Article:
Everything You Need to Know About Civil Rights Law Jobs in 2021

If you are passionate about protecting individuals' freedom, we suggest you consider a career in civil rights law.

Found 3 jobs

Location

Position Type

Experience Level

Date Posted

Hiring Cutting Machine
LegalJobs
Unites States, New York
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Hiring Cutting Machine
LegalJobs
Unites States, New York
Tag title
Hiring Cutting Machine
LegalJobs
Unites States, New York
Tag title Tag title Tag title
Hiring Cutting Machine
LegalJobs
Unites States, New York
Tag title
Hiring Cutting Machine
LegalJobs
Unites States, New York
Tag title
Hiring Cutting Machine
LegalJobs
Unites States, New York
Tag title Tag title Tag title
Hiring Cutting Machine
LegalJobs
Unites States, New York
Tag title
Hiring Cutting Machine
LegalJobs
Unites States, New York
Tag title
Hiring Cutting Machine
LegalJobs
Unites States, New York
Tag title Tag title Tag title Tag title Tag title
Hiring Cutting Machine
LegalJobs
Unites States, New York
Tag title Tag title Tag title Tag title Tag title Tag title

Frequently Asked Questions

Q:

How to become a civil rights lawyer?

A:

In addition to developing a passion for social justice, a future human rights attorney needs to complete many years of schooling. As there isn’t a specific civil rights law degree to pursue, the educational path for all aspiring attorneys is more or less the same. It involves obtaining a bachelor’s degree, preferably one that has something to do with the field of law, getting into law school, obtaining the Juris Doctor degree, and passing the American Bar Association’s admission test.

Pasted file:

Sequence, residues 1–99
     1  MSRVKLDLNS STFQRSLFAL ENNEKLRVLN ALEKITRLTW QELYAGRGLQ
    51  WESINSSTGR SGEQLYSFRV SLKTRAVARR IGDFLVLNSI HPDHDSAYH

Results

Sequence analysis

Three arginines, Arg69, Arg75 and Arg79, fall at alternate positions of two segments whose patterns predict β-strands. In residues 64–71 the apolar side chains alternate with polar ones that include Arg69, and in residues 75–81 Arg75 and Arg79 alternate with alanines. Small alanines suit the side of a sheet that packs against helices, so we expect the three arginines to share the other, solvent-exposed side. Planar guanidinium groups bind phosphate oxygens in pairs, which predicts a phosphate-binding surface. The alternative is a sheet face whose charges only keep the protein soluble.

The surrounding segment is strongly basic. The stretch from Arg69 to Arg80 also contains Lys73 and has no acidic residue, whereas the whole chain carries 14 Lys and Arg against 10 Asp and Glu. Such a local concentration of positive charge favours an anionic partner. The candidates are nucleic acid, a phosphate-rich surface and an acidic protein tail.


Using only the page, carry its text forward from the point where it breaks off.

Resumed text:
Q:

What does a civil rights attorney do?

A:

When an individual’s civil rights have been violated or abused, that person has the right to file a civil lawsuit against those responsible, be it another individual or an institution. It’s part of a civil rights attorney’s job description to help ensure the best possible outcome for the person whose rights have been violated. Throughout the process of aiding their clients, civil rights attorneys take on a variety of tasks such as conducting research, creating legal documents, negotiating settlements, and arguing cases in court.

These law practitioners’ job is also to educate their clients about their rights and to keep up with civil rights-related laws and regulations, as they may change over time.

Q:

What type of law is civil rights?

A:

Steps to becoming a civil rights attorney include learning about civil rights laws - federal and state laws that prohibit discrimination in settings such as education, voting, employment, housing, lending, and more. These laws apply to everyone in a society and guarantee equal rights to all individuals regardless of their race, gender, sexual orientation, religion, etc. For example, federal civil rights laws prevent public companies in the leisure and hospitality sector, such as hotels and restaurants, from treating customers differently based on their race. 

In addition to federal and state laws, there are also civil rights laws and ordinances enacted by municipalities such as cities and towns.

Q:

What do civil rights lawyers major in?

A:

Most law schools require an undergraduate degree from their prospective students. However, there are no specific undergraduate majors for civil rights law, and you won’t be denied admission to law school based on the major you chose for your bachelor’s degree studies. Even though there isn’t a “right” major to pursue to get into law school, prelaw students may benefit from focusing on courses in English, history, political science, philosophy, public speaking, economics, business, and journalism. 

Furthermore, completing undergraduate studies in human rights or government may provide a lot of useful information about the field and potentially prove advantageous when applying for civil rights law jobs.